I was driving uphill on a 35mph limit road heading to a church wedding (Connecticut). Near the top of the hill, the parking lot was to the left. I signaled to turn and since no one was coming from the opposite direction I started making a left turn. I was driving very slowly looking to see if the parking lot was full when I heard the bike coming down the hill. It's one of those street racing bikes, very fast. He was about 90 feet away when I saw him and he did not slow down, I think he just tried to avoid me and wiz by. He ended up crashing the side of my car, in the back seat. He was taken to the hospital and had surgery on his arm but other than that he was ok. Police came and investigated the scene for a couple of hours. He was speeding and did not have a license. However, where I turned to enter the church parking lot was a double continuous line in the road, meaning I could not turn left there. Because of these circumstances, what should I do? Am I liable for his hospital bills and his motorcycle?
The Ct. driver's manual p. 44 says that "Solid yellow lines may be crossed to make a left turn to or from an alley, private road, driveway, or street", and also "A double solid white line prohibits lane changing" (turning left is not the same as lane changing). In Washington, there is a fine of $136 for crossing a double white line, but this is related to the hyper-limited access pay lanes on the freeway. I have not found anything in the Connecticut code that indicates an analogous absolute prohibition against crossing a double white. In lieu of a statutory prohibition, you may succeed in arguing that it was a legal turn, as long as the turn was in compliance with the rest of the law, e.g. you signalled, you yielded right of way (which essentially means he was driving so fast that he appeared after you started to turn). His speed may be contributing negligence that prevents you from being liable, so it just depends.
Connecticut follows what is called a “modified” comparative negligence rule.
This means that the jury at trial assigns a percentage of fault to everyone involved in the accident who has violated any traffic law or had any negligence. The jury decides on a case by case basis how important each person's negligence was to the total outcome.
So, for example, the jury might conclude that the car was 80% at fault and that the motorcycle was 20% at fault, in causing the accident, even though both of them violated some traffic law, or it could conclude that the car was 20% at fault and that the motorcycle was 80% at fault. The lawyers have to argue from the facts regarding the reasons that their client should have a lower percentage of fault and the other party should have a greater percentage of fault.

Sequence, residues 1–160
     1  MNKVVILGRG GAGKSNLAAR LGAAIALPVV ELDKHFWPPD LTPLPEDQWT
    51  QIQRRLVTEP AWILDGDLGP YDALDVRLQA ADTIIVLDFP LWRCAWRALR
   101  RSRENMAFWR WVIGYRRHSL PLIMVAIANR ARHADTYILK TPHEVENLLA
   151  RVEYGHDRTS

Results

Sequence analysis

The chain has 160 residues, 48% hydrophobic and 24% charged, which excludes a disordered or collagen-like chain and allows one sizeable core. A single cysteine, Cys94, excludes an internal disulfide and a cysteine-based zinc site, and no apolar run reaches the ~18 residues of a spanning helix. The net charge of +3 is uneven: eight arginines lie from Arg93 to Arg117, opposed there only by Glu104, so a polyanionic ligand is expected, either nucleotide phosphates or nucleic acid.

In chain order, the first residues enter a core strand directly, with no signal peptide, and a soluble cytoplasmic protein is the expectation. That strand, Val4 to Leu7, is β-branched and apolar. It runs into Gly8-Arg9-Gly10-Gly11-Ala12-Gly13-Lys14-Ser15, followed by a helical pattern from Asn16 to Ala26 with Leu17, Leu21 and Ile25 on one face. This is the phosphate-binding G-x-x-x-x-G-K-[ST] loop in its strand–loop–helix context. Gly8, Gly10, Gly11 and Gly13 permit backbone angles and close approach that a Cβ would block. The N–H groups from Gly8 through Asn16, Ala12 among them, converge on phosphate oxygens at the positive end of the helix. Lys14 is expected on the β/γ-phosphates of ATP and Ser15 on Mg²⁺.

If the jury finds that someone did not violate any traffic law and acted completely with reasonable care under the circumstances, and so was not negligent at all, then 0% comparative fault is assigned to that person. (In a more complicated accident there might be more than two people involved and might be damages to more than one person.)
Since this is a "modified comparative negligence" system, the percentages assigned by the jury aren't the end of the story. If plaintiff is more than 50 percent responsible for an accident, he can recover nothing. So a plaintiff will not be eligible to recover, say, 20 percent of his damages under this type of comparative negligence. But, if the motorcycle is say 30% at fault, the jury will determine the motorcyclist's damages and that will be reduced by 30% and then the people responsible for the car driver's negligence will be responsible for 70% of the damages suffered by the motorcyclist.
In a case where everyone has some fault, there is no way, on the bare facts, to determine for sure what percentage of fault each person will be assigned. There is no formula that tells you that. It just comes down to what reason and experience tells you that an average juror off the street without formal legal training would be likely to think.
I think it is quite clear the bike driver was at fault due to speeding. The question is whether you were also at fault.
You turned left into a car park. Oncoming traffic had the right of way. Your view was obscured. If you wanted to cross the left lane, you would have had to do this quickly enough so that if an oncoming vehicle entered your view, going at or slightly above the legal speed limit, it would have been safe.